Bonnard Three-Color Disk Necklace
Hand screened acrylic patterns on polymer. woven together with silk for optimum drape. Braided silk ties to close. Glass seed bead accents.

This large disk collar necklace has components woven together with silk so that it drapes much like fabric. Patterns and colors are inspired by the late 19th- early 20th century French painter Bonnard.



Rachel Carren
Hokusai Three-Layer Brooch
3.25” x 160; 1.40” x .25”

Variegated polymer with hand screened acrylic, ink transfer and over-printed patterning. Polymer edges with mica powder highlighting.

This brooch was inspired by late 18th-early 19th century Japanese artist Hokusai. Three layers of patterning; screened pigment, chemical transfer and hand made over print.


Decorative ornamentation and the innate harmony of geometry are the foundation of my work. I use a range of textile techniques such as screening, block printing and transfers to create patterning. My color palettes and choices of pattern are inspired by historical artists such as Hokusai, Winslow Homer and William Morris. Geometric form provides classical structure for my richly-adorned surfaces. I love the juxtaposition of my modern medium, polymer, with my historical references, thereby enabling the intersection of the past with the present.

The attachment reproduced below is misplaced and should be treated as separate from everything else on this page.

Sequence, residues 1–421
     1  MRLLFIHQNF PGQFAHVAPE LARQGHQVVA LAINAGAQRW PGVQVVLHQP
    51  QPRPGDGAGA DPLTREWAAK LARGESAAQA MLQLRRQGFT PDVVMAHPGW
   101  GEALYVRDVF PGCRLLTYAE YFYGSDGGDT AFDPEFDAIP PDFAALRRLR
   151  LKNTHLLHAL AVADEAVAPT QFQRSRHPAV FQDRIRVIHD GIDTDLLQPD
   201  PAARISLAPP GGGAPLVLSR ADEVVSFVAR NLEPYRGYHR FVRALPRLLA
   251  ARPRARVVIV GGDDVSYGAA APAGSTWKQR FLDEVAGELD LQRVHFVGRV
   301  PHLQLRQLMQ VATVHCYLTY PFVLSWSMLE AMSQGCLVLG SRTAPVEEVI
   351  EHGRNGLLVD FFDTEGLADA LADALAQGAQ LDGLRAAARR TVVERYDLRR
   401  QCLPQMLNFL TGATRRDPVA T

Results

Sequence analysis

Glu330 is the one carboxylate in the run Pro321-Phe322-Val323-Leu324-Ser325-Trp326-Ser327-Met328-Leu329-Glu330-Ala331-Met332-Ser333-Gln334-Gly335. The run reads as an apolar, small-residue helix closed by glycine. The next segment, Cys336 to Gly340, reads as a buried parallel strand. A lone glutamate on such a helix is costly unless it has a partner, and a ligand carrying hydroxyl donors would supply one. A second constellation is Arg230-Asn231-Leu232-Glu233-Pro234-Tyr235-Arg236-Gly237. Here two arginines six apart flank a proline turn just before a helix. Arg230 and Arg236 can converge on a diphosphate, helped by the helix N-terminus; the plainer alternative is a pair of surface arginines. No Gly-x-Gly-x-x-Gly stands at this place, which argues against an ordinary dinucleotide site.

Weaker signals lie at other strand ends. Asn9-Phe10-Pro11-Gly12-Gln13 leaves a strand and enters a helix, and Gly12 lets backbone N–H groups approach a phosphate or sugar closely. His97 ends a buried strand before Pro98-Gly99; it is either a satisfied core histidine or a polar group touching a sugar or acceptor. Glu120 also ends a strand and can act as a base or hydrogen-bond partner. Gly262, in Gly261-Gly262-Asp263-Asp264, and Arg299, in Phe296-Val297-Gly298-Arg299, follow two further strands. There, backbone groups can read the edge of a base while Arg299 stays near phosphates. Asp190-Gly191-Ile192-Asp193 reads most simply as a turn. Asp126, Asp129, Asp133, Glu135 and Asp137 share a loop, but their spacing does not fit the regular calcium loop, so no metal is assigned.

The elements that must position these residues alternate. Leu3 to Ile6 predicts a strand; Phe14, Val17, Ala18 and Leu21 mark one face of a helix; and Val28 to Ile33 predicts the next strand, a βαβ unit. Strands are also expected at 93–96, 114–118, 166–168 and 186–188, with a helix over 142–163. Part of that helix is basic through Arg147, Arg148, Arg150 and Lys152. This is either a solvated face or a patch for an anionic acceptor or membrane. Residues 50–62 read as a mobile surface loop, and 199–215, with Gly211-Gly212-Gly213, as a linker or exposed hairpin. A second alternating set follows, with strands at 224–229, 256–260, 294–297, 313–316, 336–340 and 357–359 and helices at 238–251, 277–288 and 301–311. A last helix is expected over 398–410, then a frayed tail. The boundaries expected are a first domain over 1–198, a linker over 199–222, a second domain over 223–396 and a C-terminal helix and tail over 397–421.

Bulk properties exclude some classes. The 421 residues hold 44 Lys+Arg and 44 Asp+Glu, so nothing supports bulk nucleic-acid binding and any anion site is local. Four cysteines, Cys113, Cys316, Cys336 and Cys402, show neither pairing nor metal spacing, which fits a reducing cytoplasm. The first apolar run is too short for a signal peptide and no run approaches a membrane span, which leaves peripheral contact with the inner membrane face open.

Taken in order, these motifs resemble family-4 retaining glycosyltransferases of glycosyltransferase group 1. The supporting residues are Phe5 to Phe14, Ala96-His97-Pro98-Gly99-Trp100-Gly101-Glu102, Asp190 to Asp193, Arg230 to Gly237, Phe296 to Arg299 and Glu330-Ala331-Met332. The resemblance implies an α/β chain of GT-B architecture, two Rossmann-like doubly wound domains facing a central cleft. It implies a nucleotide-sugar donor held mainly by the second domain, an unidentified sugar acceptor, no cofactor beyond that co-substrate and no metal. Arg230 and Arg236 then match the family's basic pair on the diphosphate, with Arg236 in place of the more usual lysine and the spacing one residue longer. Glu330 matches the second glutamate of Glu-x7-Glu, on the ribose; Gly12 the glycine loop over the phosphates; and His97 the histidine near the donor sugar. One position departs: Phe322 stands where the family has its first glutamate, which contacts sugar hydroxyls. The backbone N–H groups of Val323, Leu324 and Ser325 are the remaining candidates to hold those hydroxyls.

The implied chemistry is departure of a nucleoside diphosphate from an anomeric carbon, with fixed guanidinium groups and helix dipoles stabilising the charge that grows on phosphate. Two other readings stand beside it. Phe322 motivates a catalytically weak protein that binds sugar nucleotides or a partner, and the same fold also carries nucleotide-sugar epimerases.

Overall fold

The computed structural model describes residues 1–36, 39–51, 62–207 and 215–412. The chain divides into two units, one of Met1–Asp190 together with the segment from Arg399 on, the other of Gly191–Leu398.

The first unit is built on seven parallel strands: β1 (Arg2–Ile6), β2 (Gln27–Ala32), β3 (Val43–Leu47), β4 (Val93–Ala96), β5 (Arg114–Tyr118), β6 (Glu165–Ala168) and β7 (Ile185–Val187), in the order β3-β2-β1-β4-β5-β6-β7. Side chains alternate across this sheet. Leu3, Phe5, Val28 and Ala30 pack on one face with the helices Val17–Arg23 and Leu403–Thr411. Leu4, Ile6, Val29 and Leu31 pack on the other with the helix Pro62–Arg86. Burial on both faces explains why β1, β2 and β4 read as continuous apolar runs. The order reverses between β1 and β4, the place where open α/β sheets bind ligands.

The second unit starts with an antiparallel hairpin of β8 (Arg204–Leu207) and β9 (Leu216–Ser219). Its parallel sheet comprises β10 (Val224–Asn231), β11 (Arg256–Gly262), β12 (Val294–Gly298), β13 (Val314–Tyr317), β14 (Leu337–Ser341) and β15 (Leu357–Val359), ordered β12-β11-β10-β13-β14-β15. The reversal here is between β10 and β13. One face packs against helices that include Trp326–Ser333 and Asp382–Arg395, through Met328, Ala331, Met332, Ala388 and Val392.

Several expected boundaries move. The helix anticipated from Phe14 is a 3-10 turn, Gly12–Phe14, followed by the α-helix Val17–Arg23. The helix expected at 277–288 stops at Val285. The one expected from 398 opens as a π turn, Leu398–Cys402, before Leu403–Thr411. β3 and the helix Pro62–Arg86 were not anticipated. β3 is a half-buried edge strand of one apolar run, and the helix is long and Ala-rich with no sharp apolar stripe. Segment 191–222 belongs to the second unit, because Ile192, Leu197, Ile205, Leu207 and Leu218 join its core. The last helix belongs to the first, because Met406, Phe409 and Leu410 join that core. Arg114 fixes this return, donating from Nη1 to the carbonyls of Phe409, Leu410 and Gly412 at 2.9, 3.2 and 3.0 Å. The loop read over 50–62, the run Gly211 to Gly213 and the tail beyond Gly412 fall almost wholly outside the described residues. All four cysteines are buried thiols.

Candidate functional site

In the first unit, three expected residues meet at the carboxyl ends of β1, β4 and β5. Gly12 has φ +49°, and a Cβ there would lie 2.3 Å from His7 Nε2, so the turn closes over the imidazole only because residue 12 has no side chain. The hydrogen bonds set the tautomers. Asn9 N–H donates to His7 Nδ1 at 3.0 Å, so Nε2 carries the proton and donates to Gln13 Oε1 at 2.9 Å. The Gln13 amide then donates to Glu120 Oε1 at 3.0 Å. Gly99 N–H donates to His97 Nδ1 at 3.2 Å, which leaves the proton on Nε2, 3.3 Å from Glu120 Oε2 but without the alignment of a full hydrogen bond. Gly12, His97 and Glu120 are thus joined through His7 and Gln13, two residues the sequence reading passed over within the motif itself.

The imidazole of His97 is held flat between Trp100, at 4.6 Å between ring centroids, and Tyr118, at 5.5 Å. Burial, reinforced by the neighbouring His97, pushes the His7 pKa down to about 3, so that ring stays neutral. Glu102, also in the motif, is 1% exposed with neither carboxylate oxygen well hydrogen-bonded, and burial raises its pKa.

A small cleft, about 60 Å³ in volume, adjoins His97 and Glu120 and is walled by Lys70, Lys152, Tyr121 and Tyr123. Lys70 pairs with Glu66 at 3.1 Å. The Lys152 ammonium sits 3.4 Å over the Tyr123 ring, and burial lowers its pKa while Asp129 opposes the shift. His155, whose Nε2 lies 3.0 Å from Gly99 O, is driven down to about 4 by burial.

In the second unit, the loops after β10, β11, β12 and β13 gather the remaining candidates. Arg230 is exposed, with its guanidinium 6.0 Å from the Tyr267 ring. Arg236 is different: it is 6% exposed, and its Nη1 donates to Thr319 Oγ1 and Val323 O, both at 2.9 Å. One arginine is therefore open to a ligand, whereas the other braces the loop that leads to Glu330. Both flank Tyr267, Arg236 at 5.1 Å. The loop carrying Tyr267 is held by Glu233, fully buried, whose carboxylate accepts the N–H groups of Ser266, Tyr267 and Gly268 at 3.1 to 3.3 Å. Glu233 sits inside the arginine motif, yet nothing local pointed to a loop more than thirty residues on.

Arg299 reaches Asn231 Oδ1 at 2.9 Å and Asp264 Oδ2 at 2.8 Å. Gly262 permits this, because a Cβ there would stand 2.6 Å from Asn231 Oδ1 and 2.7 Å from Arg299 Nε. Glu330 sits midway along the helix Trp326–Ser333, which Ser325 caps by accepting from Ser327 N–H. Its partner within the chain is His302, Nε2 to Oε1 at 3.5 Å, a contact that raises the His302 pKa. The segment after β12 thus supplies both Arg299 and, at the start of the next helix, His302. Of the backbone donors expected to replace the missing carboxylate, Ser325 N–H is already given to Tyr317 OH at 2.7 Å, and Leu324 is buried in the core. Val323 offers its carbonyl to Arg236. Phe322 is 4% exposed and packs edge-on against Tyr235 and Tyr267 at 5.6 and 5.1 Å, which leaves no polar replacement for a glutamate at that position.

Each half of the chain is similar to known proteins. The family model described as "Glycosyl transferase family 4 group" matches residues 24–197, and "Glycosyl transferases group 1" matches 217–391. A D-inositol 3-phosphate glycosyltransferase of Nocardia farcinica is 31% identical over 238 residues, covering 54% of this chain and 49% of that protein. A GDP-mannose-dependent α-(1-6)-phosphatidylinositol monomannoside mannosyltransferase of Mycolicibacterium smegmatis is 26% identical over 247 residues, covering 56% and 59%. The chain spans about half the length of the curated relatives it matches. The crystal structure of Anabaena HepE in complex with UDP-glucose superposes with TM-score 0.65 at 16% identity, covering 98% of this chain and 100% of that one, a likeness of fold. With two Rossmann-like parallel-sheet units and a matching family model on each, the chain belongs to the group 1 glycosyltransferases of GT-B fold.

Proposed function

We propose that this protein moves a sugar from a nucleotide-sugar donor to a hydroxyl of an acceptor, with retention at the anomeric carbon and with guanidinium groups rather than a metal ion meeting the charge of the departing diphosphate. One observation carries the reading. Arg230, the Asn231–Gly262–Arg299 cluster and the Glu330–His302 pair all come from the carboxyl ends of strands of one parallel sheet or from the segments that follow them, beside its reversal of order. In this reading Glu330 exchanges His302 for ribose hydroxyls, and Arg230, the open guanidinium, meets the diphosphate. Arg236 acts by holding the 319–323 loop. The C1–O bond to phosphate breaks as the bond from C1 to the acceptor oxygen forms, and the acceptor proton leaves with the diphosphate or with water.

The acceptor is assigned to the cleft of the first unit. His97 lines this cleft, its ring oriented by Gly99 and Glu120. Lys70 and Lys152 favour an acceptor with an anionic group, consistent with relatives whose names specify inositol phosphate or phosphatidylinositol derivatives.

Jess Guerrieri
Coral pendant
Polymer clay, carnelian, sterling silver, glass granules, resin
1” x .5” x .25”

Inspired by corals. A blue amebic form surrounded by contrasting red carnelian.







Pam Sanders
The Silence of Solitude
Polymer Clay, Copper Wire, Tubing, Rubber Cording
8 x 4 x 1/2 inches

The piece is about the quiet sanctuary of solitude where there is peace within oneself and all is right with the world.







Ronna Sarvas Weltman
Whisper
Polymer clay, copper wire, ink
2 x 12 cm


Although this exhibition is about shouts, I wanted to end it with a whisper. I call this technique “Vegan Gut” since it looks like gut but I use polymer clay instead. The writing on this vessel is very deliberate – it contains prayers for peace and reminders of gratitude –but the writing is purposely difficult to read … I call it enigmatic writing. The prayers are therefore whispered rather than shouted. But there are good times to shout too; yes?